Baron’s thesis has been criticized for neglecting political, institutional, and social history, in favor of identifying a pattern of consciousness as the decisive character of the political and historical phenomenon under study. It is true that Baron weaves together a way of life, an educational ideal, and the power of the state as an encompassing culture, that can be reconstructed as such in terms of Geistesgeschichte, the history of the spirit, by selecting from the evidence the materials needed for its purposes.
4. Reception in America: An Ideological Counterweight to Liberal Individualism
The psychological motivation for Baron’s emphasis on the integration of the individual in the politically structured community may perhaps be connected to his situation as an assimilated Jew in Weimar Germany. Driven into exile when Hitler came to power he was destined to experience the challenge of integration in a new country that was not insignificantly perhaps, a republic at war with tyranny: the United States.
It was with the publication of The Crisis of the Early Renaissance in 1955 that civic humanism entered the vocabulary of English-speaking historiography. Its reception was influenced, however, by the work of another émigré, the distinguished and well-connected historian Felix Gilbert. If Baron had viewed civic humanism as an ethico-political response to events, Gilbert chose to regard it as a conceptual framework to be studied against ‘traditional political assumptions’. In this light civic humanism or ‘classical republicanism’ appeared as an ideology, not in the classical Marxist sense of an epiphenomenon of a putatively more real social reality, but as a discourse that circumscribes, if it does not determine, the field of possible meaning. According to Gilbert’s perspective the language of civic humanism was not only a means of expression but also an instrument of power of the elites (such as the group that met in the Rucellai gardens) who articulated it.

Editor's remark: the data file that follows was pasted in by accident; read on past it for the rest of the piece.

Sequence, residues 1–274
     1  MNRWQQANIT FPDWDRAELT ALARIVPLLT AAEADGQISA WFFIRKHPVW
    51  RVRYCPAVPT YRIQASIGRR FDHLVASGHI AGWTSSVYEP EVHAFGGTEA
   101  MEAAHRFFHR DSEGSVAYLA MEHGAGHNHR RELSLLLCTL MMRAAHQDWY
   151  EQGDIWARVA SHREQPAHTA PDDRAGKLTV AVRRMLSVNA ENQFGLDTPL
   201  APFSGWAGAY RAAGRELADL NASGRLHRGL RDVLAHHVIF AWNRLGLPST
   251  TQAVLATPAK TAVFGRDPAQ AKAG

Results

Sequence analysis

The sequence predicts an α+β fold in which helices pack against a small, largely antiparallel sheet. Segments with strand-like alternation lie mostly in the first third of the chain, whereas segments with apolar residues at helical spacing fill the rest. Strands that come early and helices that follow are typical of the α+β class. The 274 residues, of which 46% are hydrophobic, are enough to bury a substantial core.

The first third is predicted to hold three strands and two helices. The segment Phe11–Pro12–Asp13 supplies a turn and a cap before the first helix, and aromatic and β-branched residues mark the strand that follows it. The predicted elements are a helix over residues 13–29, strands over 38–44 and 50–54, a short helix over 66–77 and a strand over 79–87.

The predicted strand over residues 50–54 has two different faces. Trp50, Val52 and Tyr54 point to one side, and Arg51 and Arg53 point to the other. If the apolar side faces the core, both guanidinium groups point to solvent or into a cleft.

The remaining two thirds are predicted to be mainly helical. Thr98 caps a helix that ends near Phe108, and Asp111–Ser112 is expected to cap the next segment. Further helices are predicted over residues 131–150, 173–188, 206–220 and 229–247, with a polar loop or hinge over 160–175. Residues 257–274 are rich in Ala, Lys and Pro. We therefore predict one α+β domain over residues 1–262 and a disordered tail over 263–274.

Gilbert departed from Baron’s thesis in another significant respect: For Baron the pursuit of wealth and the entrepreneurial spirit of Renaissance merchants was an essential component of the epochal turn towards the active life and, as he writes on the first page of the Crisis, linked to the rise of a bourgeois society, Gilbert emphasized instead the opposition between acquisitiveness and patriotism, calling attention to the calls to sacrifice and self-denial in favor of the common good frequently found in republican texts.
The reconstruction of Florentine republicanism stressing the ideal of a republic of frugal, public-minded citizens in danger of being corrupted by luxury and the pursuit of private gain, a theme that could be traced back to ancient, especially Roman, authors, provided an attractive inspiration for a revisionist view of American history. Bernard Bailyn developed an image of The Ideological Origins of the American Revolution (1967), based on the classical republican rhetoric to be found in the political pamphlets and controversialist literature of the time leading up to the American founding. This recovered republicanism could counterbalance the canonical view, most clearly and forcefully expressed in Louis Hartz’s Liberal Tradition in America (1955), of an American consensus of Lockean derivation, centered on the defense of property rights and animated by liberal individualism, an outlook so much taken for granted in Americans’ understanding of themselves as to have become the unexamined nexus of American life. The republican model provided an important corrective to the dominant orthodoxy and a great impetus to historical research.